different segments respond to the marketing programs as a function of personal
variables such as age, sex, and income. Attitude research on consumers is often
tied to distinguishing how different demographic segments feel about a product or
service. Marketers rely heavily on demographics because they can be reliable
indicators of how different segments perceive product value. They are also used
extensively in the analysis of B2C markets because changes in most demographic
variables are easily forecast. Free or inexpensive secondary data are readily
available from a large number of government agencies and widely accessible
online. Technological Factors
Although technological factors are variables that impact some markets and
businesses far more than others, all marketing managers need to be aware of the
trends and shifts in this category. The dimensions of technological change that most
often influence marketing processes include innovations in communication and
channels of distribution. Companies at the leading edge of these types of changes
can establish competitive advantages and create effective barriers to market entry.
By pioneering innovative systems of interacting with customers, processing orders,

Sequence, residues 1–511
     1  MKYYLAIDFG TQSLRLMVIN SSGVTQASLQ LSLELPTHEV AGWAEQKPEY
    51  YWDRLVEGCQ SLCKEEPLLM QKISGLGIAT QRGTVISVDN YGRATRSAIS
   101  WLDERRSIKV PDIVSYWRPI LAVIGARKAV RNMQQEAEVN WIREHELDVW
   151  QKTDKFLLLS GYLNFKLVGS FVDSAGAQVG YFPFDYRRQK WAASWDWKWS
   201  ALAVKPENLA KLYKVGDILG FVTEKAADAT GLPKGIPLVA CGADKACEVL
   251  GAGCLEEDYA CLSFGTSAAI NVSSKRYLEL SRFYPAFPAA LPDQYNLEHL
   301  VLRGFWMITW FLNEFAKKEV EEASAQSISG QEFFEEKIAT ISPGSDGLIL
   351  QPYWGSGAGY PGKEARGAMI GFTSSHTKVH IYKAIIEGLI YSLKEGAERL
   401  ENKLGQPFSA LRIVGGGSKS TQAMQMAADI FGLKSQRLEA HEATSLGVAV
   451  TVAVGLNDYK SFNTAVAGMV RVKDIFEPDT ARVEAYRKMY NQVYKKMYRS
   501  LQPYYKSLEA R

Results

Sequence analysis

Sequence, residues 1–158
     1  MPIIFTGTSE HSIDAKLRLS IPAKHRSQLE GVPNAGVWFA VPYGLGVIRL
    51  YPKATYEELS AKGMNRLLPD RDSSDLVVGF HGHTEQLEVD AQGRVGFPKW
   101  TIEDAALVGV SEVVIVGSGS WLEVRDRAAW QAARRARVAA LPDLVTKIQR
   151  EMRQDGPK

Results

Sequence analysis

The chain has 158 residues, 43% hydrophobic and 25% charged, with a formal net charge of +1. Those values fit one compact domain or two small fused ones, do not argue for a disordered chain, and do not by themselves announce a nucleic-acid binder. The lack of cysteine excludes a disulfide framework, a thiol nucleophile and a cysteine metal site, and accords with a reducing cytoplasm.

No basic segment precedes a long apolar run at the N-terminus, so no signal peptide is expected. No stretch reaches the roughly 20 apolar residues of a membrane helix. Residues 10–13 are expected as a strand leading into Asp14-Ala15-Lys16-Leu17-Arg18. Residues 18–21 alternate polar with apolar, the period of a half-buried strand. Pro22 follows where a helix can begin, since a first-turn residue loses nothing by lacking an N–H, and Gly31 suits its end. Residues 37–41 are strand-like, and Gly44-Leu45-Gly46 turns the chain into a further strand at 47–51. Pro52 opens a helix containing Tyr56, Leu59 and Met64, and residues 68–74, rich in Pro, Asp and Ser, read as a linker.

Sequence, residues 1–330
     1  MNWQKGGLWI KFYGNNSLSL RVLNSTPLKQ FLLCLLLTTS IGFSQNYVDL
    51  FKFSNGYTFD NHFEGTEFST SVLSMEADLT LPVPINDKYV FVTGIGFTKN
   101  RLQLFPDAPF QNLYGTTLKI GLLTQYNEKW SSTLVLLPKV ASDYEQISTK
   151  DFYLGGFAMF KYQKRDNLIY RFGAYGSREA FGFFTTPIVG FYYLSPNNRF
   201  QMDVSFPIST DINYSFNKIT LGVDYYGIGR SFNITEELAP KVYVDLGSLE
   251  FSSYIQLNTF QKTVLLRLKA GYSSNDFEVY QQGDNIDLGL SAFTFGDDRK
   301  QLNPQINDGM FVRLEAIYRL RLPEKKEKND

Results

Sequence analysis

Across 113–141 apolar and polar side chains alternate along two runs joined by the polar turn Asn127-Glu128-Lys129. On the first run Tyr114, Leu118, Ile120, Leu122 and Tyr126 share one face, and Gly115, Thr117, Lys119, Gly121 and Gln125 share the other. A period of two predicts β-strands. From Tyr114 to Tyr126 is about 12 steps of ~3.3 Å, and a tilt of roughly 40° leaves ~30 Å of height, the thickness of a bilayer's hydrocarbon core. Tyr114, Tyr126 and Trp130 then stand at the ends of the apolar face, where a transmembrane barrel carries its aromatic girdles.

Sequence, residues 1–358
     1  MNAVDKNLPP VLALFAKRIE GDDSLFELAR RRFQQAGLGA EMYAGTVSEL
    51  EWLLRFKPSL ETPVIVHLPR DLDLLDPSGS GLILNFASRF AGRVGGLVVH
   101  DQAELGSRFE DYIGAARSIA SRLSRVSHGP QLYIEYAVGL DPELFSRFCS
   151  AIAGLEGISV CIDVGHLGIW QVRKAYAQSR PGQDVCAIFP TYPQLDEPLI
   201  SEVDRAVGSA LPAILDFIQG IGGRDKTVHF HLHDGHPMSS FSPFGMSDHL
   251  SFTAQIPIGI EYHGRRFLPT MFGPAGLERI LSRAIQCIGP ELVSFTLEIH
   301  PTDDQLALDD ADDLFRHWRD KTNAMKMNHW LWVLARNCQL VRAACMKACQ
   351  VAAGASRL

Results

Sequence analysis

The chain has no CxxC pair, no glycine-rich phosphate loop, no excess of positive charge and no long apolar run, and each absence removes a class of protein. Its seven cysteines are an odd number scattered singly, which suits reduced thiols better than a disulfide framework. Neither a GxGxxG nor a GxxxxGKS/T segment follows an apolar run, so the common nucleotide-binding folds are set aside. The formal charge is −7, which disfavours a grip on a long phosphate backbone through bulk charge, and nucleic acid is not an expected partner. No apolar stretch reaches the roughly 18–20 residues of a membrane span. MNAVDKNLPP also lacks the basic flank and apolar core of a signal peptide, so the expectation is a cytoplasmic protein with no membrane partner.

and distributing products, Amazon. com was able to establish a sustainable
competitive advantage rooted in brand awareness and scale economies that
effectively prohibits many firms from competing with the company directly. Environmental Factors
Environmental factors are primarily long-term ecological concerns that have the
potential to impact all businesses at some level. These can be local/regional in
scope (e.g., water shortages, chronic flooding) or global. Beyond issues associated
with climate change, this category includes factors such as responsible waste
disposal, pollution mitigation, and energy efficiency. A prime example of this trend is
green legislative initiatives aimed at reducing landfill wastes from sources such as
product packaging and the disposal of electronics. In many jurisdictions, ?reverse
value chain? laws prescribe the standards and processes for the safe recycling of
consumer electronics and appliances. Although some industries such as farming and
paper products are more directly impacted than others, environmental factors
represent emerging growth opportunities for many more, as markets are
transformed to reflect increasing awareness of business?s role in environmental
stewardship. Legal Factors
Legal factors in the macro-environment include laws and regulations intended to
control the behavior of business organizations and special interest groups. These
include antitrust laws, Occupational Safety and Health Administration (OSHA)
regulations, consumer protection statutes, and product safety and health laws.
State and local agencies often impose specific regulations to govern the pricing of
consumer necessities and natural monopolies such as utility companies. Although
some business leaders may resent what they regard as the ?over-regulation? of
markets and business practices, the objectives of maintaining fair standards for the
protection of consumers and a level competitive playing field are generally
recognized as valid regulatory goals.
Each of the PESTEL model?s six factors will be of greater or lesser importance to any
given company based on the character of the markets in which it competes. In